Is it possible to see Where did this rule come from? Not in the sense "where can I look up the source of this rule". There are several ways to investigate the issue: the most evident is to grep all startup scripts on your system to see which uses ip rule at all, and then start reading them. Or you could start your system in single-user mode, and start ...


3

Ancient History. the term image comes from an old Digital Equipment Corporation term for the output from the compiler-> linker. the file is an image created by interpreting the code and so on through the linker to make an executable "Image" of your design.


2

From what I read in LinuxFR article (french) This cache was suffering bad performance bottleneck relatively to today's latency needs and security problems where sometimes vulnerabilities allowed attackers to poison this cache. Also it's average hit rate was <10%. There is now a small per-entry cache, but only for additionnal informations (TCP stats, ...


5

In math the kernel is the inverse image of a subset of the image of a some map, were the subset is equal to the identity element in the codomain. I'm certain these names derive from mathematical concepts as they are related significantly in various fields in mathematics. Considering Unix was derived in an academic environment it may be possible that it's use ...


2

You want some processor affinity (or CPU affinity). The relevant syscall is sched_setaffinity(2), but you should use it thru pthread_set_affinity_np(3) if you want to code your benchmarks for that. The related command is taskset(1) and you might use it on the commands you want to benchmark (or on your shell). If possible, take care that the machine is ...


0

There's a key distinction to be made about where header files come from: <time.h> is provided by glibc (e.g. the glibc-headers package) <linux/time.h> is provided by the Linux kernel headers. Changing the kernel and its header packages will not affect <time.h>. Only changing glibc will do that. You should find that glibc's ...


15

It doen't mean an "image" is just a 1:1 copy of a disk. As the photo represents the reality exactly as it was when shooting, an image of an executable program (or kernel) represents the program in a state, where it can the loaded (or unpacked) in the systems memory exactly as it is and then given control to it. That program can then start running from that ...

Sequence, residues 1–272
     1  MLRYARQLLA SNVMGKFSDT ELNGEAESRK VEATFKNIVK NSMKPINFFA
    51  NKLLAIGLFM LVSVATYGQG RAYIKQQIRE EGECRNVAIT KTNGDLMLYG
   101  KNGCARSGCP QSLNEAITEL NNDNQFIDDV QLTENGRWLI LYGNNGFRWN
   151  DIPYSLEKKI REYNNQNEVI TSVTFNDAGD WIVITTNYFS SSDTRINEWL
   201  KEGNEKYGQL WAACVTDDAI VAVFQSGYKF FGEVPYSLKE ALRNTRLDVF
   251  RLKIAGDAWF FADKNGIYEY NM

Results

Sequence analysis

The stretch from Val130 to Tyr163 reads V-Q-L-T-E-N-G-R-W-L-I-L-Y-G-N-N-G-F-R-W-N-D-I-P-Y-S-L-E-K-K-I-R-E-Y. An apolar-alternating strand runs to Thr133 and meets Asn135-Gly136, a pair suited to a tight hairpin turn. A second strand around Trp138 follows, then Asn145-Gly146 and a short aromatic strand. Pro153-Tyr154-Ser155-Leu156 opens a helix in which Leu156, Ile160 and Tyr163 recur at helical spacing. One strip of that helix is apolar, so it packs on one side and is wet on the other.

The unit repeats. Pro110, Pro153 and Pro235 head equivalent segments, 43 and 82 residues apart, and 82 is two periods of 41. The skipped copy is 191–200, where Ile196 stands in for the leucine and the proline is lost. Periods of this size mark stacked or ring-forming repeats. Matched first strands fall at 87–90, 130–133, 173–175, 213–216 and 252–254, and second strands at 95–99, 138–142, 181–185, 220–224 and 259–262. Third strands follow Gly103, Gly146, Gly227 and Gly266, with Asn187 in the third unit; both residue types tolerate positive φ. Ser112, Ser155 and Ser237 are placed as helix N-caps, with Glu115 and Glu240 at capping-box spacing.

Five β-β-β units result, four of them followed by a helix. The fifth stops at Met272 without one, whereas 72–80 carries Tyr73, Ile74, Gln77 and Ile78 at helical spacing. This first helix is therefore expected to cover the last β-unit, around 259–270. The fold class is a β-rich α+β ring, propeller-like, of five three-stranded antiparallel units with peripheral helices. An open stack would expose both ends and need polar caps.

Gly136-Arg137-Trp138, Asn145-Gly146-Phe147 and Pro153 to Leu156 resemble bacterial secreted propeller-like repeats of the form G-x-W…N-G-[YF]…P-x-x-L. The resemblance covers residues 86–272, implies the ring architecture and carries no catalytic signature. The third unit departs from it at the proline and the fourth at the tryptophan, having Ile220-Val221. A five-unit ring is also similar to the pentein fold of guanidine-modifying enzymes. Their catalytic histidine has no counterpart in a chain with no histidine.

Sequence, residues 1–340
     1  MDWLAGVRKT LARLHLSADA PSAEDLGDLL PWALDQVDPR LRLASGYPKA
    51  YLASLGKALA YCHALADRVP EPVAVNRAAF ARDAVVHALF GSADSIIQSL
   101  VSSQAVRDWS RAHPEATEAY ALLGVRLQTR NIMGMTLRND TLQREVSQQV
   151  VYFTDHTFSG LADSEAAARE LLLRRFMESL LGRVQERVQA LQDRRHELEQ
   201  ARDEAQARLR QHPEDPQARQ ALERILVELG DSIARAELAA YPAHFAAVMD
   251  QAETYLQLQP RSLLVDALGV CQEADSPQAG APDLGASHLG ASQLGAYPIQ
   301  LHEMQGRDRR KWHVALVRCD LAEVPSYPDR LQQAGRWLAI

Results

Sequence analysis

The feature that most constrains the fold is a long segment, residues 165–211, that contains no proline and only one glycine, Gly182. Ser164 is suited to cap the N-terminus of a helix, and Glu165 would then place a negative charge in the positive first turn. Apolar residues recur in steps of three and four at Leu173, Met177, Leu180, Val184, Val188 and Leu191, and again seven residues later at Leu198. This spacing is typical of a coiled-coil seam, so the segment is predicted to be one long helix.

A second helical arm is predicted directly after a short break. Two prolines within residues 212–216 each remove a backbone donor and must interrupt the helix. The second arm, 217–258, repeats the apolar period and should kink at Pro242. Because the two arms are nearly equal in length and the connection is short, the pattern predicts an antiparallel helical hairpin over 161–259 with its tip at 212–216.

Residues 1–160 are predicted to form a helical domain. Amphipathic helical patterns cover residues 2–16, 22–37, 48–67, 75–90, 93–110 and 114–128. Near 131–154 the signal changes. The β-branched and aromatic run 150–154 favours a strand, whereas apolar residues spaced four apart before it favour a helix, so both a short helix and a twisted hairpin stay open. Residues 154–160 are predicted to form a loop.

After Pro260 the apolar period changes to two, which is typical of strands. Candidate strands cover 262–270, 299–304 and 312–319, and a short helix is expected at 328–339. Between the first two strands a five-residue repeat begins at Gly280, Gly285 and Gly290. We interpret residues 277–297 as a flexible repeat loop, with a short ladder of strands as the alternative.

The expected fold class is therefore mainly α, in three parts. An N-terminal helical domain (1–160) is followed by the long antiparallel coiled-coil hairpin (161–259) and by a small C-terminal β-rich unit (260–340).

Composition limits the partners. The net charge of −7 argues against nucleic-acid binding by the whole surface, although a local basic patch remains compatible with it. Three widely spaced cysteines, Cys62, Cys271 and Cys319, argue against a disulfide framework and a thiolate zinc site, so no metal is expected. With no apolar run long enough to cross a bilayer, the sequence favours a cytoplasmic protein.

28

The word image also has a definition "A file that contains all information needed to produce a live working copy."


56

The Unix boot process has (had) only limited capabilities of intelligently loading a program (relocating it, loading libraries etc). Therefore the initial program was an exact image, stored on disc, of what needed to be loaded into memory and "called" to get the kernel going. Only much later things like (de-)compression were added and although more powerful ...


1

You can use Ftrace. Ftrace is a tracing utility built directly into the Linux kernel.


0

As others have said it doesn't really matter what distro you use. Probably the best way to start would be to install whatever distro you are comfortable with in a VM. From there you can build the kernel version from kernel.org and use default config (though you may want to turn on some of the kernel debug options). A couple things to note, Make will be ...


0

If you're looking for beginner simplicity then kernel hacking would be rather tough going. But Arch Linux would be a great distro to use to do Kernel Hacking. I've never submitted a patch, but just paying around with the same book you're reading, I found Arch perfect for the job.


3

Yes, you are correct. In particular, this means that the child will inherit all variables from the parent process with the value they had at the moment of the fork. However, if at a later step one of the parent or the child modifies one of these variables, the modification will be local to this process: if the child modify a variable, the parent process ...